History of Gurjar samaj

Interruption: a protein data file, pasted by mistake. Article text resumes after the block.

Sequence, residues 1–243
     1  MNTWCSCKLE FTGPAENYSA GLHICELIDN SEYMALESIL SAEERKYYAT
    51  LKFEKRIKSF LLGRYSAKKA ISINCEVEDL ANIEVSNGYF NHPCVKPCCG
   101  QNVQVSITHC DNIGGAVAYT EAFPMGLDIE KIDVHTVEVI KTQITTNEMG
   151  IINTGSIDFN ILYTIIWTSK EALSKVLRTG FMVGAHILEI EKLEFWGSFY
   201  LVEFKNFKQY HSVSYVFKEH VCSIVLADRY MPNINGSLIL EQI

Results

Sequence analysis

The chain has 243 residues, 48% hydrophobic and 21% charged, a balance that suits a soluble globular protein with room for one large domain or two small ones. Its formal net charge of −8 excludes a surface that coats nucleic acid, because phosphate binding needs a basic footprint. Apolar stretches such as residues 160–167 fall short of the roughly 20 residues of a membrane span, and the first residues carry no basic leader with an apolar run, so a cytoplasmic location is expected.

The history of Gurjar samaj are quite uncertain. The Gurjar clan appeared in northern India around the time of the Huna invasions of northern India. Some scholars believed that the Gurjar were foreign immigrants, possibly a branch of Hephthalites (`White Huns`). Some scholars believed that Gurjar came into India with the Hunas, and the name of the tribe was sanskritized to `Gurjara`. They also believed that several places in Central Asia, such as `Gurjistan`, are named after the Gurjar and that the reminiscences of Gurjar migration are preserved in these names. History of Gurjar community is quite vague. There are several references that talk about the origin and history of Gurjars. Like for instance, in Ramayana, a war was fought between the gods and the evil spirits. The Gurjar fought against the devils under King Dasharatha. In Mahabharata also, references suggested the references of Gurjars. They were found along with Lord Krishna who migrated from Mathura to Dwarka, Gujarat. In the past, Gurjar have also been hypothesized to be descended from the nomadic Khazar tribes, although the history of Khazar tribes shows an entirely different politico-culture ethos. Some Gurjars also claim that the Gurjar caste is related to the Chechens and the Georgians, and argue that Georgia was traditionally called `Gujaristan` (actually Gorjestan). Some of the also claim that Germans are Gurjar. However, there is no evidence for such claims. At the end of fifth century Hunas, a marauding tribe entered Afghanistan, Pakistan and India. Hunas were cruel people much displaced from their ancient homelands on the borders of Europe and Asia. They were, like Aryans who preceded them, white folks. Along with this rude, crude and cruel tribesmen came lesser tribes, Gurjars being one of them. They established their fiefdoms, principalities in Punjab, Rajasthan, including but not limited to Jodhpur, Gujarat, Gujranwalla, a small town in Punjab, Gurjarkhan, also in Punjab. Well known scholar Cunningham thinks that Gurjar are descended from Scythian (Saka) and Yuechi (Kushan) tribes who invaded Pakistan in the first century BC and in the first century AD respectively. Other scholars believe that they are descended from a Central Asian Turkic people called Kazars. Since the tribe migrated from Caspian Sea which is called Bahr-e-Khizar it was named Khizar, Guzar, Gurjar, Gurjara or Gujjar. The name Hazara was given to the district by these Guzara tribes. The name Gujjar, according to another version, is derived from the words `Gau` and `Char` meaning cattle grazers.
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